Why President Obama Needs Colin Powell in Afghanistan
Will David Petraeus honor President Obama’s plan to draw down U.S. troops in Afghanistan? Peter Beinart on why Powell is the only man who can help make it happen.
There may be only one man left in America who can get the United States out of Afghanistan before it wrecks Barack Obama’s presidency. His name isn’t Barack Obama. It’s Colin Powell.
If Petraeus defies Obama’s desire to begin withdrawing troops next summer, it could spark the greatest civilian-military confrontation since Harry Truman fired Douglas MacArthur during Korea.
Sure, Obama will make the ultimate decision on whether to defy the military brass and begin withdrawing U.S. troops next summer, as he has pledged. But based on his past behavior, I doubt he can do it on his own. Bob Woodward’s Obama's Wars is in large part the story of how Obama—under enormous pressure from the military and against his better judgment—agreed to an escalation in Afghanistan that barely anyone in the White House believed could work. The most important actor in that drama may have been Defense Secretary Robert Gates, a man who could have helped Obama bring the military to heel, but instead aligned himself with them, thus tipping the balance of power. Late in Woodward’s book, there’s a remarkable scene in which Obama, after having agreed to a 30,000-troop surge, muses wistfully about telling the American people that he is adding only 10,000 U.S. trainers—in other words, that rather than moving deeper in, the U.S. is getting out. “It was apparent that a part—perhaps a large part—of Obama wanted to give precisely that speech,” writes Woodward. “He seemed to be road-testing it.” Deputy National Security Advisor Tom Donilon tells Obama that such a speech might cause Gates to resign. “That would be the difficult part,” Obama responds, before going back to outlining his 30,000-troop surge speech.
Next summer, when the withdrawal deadline hits, Gates will probably no longer be the problem. Observers suspect he will leave before then. But if Obama chooses another defense secretary unable or unwilling to challenge the uniformed military, he may be forced into a policy he doesn’t want yet again. In some ways, Obama will actually be in a weaker position next year than he was last. First of all, the man running the Afghan War is now David Petraeus, the most politically powerful general in decades. Second, Republicans will likely control one, if not both, houses of Congress. Third, the 2012 presidential campaign will be almost underway. Just imagine what will happen if Petraeus lets it be known that if Obama sticks to his withdrawal deadline, he will resign. Obama has already fired Petraeus’ two predecessors. And he will be facing a Republican Congress that would love nothing more than to recruit America’s leading war hero into its anti-Obama crusade. Even if he takes Petraeus at his word that he will never run for president, Obama will be desperate not to cross him. And why wouldn’t Petraeus resign? He’s bet his entire career, and public image, on counterinsurgency. Why would he remain in charge in Afghanistan once Obama pulled the plug on the doctrine that made him famous?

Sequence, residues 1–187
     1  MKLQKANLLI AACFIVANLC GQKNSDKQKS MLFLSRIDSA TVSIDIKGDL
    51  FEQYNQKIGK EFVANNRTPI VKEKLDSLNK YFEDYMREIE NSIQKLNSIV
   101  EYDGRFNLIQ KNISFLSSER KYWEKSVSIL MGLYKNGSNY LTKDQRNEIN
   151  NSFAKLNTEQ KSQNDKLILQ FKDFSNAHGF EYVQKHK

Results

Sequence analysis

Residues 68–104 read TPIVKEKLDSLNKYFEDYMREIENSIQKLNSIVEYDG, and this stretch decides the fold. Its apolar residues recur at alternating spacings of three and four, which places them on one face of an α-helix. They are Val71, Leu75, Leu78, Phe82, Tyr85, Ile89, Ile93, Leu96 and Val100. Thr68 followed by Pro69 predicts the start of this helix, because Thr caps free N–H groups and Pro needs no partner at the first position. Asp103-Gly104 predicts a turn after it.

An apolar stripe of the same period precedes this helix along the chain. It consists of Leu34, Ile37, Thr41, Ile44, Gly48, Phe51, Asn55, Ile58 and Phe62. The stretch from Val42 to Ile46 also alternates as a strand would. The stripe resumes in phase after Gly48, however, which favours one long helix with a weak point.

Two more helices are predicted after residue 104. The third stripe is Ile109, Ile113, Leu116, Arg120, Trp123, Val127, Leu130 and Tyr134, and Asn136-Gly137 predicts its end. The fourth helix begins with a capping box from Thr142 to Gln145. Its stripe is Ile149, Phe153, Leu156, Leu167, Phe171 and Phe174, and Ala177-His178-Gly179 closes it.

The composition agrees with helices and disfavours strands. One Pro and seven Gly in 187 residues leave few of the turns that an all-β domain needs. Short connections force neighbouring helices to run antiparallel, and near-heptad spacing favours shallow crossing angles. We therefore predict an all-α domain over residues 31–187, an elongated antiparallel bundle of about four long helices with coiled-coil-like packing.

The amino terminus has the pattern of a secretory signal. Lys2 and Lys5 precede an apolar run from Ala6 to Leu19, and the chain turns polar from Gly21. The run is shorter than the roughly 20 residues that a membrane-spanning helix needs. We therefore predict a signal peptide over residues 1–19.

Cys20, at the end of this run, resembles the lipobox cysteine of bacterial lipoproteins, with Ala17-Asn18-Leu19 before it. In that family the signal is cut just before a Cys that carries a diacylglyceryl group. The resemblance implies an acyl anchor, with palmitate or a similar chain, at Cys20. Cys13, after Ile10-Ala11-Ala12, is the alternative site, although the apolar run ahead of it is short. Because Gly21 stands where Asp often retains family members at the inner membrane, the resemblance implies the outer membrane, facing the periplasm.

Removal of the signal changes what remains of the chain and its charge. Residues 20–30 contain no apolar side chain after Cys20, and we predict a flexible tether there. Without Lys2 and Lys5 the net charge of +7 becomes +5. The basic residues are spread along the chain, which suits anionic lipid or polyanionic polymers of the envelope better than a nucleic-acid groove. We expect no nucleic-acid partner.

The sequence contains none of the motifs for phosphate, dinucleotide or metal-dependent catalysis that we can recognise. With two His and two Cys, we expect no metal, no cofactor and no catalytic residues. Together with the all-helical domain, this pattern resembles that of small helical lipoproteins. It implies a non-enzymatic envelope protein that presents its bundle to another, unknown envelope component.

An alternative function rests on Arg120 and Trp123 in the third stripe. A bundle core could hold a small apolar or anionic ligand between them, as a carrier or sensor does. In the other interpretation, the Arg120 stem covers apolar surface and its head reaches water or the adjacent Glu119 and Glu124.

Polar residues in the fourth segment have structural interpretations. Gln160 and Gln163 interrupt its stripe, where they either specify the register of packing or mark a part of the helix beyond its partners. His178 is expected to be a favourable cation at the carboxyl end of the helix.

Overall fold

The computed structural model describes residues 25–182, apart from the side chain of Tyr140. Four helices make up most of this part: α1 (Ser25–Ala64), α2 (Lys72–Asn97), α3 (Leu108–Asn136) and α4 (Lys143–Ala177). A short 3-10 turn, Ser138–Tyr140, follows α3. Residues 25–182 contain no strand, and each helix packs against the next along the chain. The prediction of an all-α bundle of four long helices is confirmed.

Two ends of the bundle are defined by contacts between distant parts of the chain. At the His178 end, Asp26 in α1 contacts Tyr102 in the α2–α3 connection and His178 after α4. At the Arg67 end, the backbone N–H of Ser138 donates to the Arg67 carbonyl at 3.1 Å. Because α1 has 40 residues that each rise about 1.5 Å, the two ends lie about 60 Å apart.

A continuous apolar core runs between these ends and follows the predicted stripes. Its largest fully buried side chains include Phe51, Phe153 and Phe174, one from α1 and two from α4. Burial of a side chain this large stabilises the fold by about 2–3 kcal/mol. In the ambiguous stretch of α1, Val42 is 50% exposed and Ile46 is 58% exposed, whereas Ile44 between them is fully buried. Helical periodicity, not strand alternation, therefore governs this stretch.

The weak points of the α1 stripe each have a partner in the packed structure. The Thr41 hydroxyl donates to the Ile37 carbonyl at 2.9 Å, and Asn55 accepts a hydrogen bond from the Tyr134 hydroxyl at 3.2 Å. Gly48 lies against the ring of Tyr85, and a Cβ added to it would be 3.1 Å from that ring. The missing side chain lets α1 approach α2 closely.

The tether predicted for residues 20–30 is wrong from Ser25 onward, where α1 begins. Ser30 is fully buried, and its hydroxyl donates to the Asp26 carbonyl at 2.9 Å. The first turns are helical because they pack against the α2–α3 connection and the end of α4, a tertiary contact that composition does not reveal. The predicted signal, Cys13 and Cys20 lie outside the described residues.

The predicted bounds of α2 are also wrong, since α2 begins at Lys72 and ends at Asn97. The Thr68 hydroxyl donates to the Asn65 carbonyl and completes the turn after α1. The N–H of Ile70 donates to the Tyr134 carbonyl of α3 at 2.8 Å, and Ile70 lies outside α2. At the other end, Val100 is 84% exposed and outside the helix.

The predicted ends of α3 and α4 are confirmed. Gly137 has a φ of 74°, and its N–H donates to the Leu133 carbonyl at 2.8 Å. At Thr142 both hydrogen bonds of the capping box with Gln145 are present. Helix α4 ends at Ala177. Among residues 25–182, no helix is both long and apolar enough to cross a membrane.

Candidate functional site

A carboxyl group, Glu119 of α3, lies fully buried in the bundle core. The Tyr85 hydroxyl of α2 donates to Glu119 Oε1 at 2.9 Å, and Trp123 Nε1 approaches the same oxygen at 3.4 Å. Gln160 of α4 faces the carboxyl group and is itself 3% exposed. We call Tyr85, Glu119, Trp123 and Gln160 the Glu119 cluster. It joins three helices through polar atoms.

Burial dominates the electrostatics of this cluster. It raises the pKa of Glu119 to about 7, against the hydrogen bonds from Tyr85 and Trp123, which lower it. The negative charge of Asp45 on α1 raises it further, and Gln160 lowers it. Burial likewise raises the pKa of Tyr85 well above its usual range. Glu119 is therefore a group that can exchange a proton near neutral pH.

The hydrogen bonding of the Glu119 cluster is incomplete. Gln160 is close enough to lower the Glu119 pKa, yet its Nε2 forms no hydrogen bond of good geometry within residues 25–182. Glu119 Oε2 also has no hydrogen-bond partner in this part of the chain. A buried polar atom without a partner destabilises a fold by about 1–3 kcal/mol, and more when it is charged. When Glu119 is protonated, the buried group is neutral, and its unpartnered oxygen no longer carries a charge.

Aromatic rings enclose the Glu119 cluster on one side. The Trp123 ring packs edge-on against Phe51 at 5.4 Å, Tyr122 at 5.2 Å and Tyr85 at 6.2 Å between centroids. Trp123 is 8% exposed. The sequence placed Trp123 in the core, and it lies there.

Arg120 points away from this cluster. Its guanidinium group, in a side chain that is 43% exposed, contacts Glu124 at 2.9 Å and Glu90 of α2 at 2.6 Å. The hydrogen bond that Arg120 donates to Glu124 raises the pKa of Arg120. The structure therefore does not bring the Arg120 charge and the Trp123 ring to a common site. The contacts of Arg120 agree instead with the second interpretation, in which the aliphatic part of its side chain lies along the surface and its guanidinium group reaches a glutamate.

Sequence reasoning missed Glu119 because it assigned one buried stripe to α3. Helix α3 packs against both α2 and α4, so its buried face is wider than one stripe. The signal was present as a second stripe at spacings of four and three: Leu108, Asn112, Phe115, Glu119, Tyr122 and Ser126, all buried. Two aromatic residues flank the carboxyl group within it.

Obama may have several candidates who, in normal circumstances, could be effective secretaries of defense: Richard Danzig, Michelle Flournoy, John Hamre, Leon Panetta. But none have the stature to protect Obama against that kind of political threat. The only guy who could is Colin Powell. Powell, it’s worth remembering, was skeptical about a land war against the Taliban from the beginning, as he had been skeptical of military action in the Gulf War and Bosnia. “I’d rule out the United States going after the Afghans [on the ground], who have been there 5,000 years,” he told a National Security Council meeting in October 2001, according to Woodward’s Bush at War. More recently, he has told interviewers that Hamid Karzai’s government is massively corrupt, that Pakistan is fueling the Taliban and that America can’t afford to stay forever. Even more significant is what he hasn’t said: That defeating, or even degrading, the Taliban is a vital national security interest of the United States.
Powell hasn’t always been a champion of civilian control of the military. As chairman of the joint chiefs of staff in 1993, he forced Bill Clinton to back down from his campaign promises to bomb Bosnia and let gays and lesbians serve openly in the military. But today, he is on the other side. He clearly likes Obama, having endorsed him over fellow Republican John McCain in 2008. And there’s little doubt that Petraeus’s expensive, time-consuming, ambiguous counterinsurgency doctrine runs directly counter to the Powell Doctrine, which envisioned short campaigns won with decisive force.
Powell’s associates have long noted that he’s patterned his career after George Marshall. If David Petraeus defies Obama’s desire to begin withdrawing troops next summer, it could spark the greatest civilian-military confrontation since Harry Truman fired Douglas MacArthur during Korea. It has surely crossed Powell’s mind that one of the reasons Truman made that politically treacherous decision was that he had a secretary of defense of unparalleled stature, a famed soldier who had recently come out of retirement to oversee a war gone bad. If Powell truly wants to be this era’s George Marshall, he may soon get his chance.
Peter Beinart, senior political writer for The Daily Beast, is associate professor of journalism and political science at City University of New York and a senior fellow at the New America Foundation. His new book, The Icarus Syndrome: A History of American Hubris, is now available from HarperCollins. Follow him on Twitter and Facebook.